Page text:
Unions want dismissal of stevedoring firm from charges challenged

'We are struggling to understand the logic behind the decision of the court''

Unions want dismissal of stevedoring firm from charges challenged

Port unions in New Zealand have made known that they want the court decision that dismissed a stevedoring company from health and safety charges to be challenged by the nation's industry regulator.

The case stems from an incident in 2018 that saw six workers whose lives were put in danger after they were trapped in a fume-filled toxic ship's hold, the New Zealand Herald reported.

Maritime New Zealand, the industry regulator, took the port logistics company that employed the workers to court for exposing their staff to the risk of serious illness or death.

It charged the firm for reportedly violating the Section 48 of the Health and Safety at Work Act 2015.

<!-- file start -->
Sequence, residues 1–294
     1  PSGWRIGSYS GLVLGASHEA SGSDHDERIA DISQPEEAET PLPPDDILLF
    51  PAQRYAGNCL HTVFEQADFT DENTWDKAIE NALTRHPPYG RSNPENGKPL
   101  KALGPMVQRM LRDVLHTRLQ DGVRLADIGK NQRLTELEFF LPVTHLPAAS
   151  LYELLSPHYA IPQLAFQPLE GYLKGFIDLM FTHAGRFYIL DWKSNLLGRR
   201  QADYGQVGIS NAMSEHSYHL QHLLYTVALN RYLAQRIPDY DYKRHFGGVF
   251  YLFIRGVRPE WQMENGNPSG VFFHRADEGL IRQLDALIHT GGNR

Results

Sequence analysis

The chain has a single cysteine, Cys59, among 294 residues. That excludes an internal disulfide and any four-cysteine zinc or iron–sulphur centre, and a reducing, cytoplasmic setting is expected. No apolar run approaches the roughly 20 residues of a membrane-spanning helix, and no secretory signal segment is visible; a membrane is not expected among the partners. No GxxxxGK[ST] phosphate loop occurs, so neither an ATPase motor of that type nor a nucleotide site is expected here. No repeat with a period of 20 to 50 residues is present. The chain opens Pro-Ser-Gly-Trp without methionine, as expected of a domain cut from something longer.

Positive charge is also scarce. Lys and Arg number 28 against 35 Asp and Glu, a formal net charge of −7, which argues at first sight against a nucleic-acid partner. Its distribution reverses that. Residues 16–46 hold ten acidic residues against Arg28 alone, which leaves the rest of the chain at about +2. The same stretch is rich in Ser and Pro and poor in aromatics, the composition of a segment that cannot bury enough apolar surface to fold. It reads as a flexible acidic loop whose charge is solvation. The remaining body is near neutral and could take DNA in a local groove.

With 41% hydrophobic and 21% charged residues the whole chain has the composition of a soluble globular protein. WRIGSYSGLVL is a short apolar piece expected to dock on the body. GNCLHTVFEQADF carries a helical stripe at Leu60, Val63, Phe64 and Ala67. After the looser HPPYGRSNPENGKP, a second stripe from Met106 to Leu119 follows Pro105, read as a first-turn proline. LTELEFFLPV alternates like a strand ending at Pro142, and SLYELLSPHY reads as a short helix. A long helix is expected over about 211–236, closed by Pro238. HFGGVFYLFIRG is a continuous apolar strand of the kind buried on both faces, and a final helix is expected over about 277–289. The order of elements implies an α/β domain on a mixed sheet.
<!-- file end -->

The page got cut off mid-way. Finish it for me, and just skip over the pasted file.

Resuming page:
But last week, the Napier District Court dismissed the charges and let the company walk free - a decision the unions lambasted in a joint statement.

Craig Harrison, national secretary of the Maritime Union of New Zealand, said in a statement that the dismissal of the charges is an "error," and they are trying to understand the decision.

"It was a miracle that none of the workers involved died and there could have been multiple fatalities. We are struggling to understand the logic behind the decision of the court," said Harrison.

He further stressed that the decision sends a "bad message to the industry - that employers will not be held accountable for worker safety."

Read more: Employee falls to death at Ports of Auckland

In the same statement, Rail and Maritime Transport Union general secretary Wayne Butson called the decision "unbelievable" given several employees were put in danger.

"It seems unbelievable this employer has walked away when a number of their workers were put in lethal danger due to what we see as multiple health and safety errors," said Butson.

According to the official, they want to see maritime NZ to appeal the decision made by the district court.

The nation's maritime industry was just under public and government scrutiny after two recent port fatalities back in April.

Butson said the port unions have been working with the Council of Trade Unions to improve the health and safety in the ports industry.

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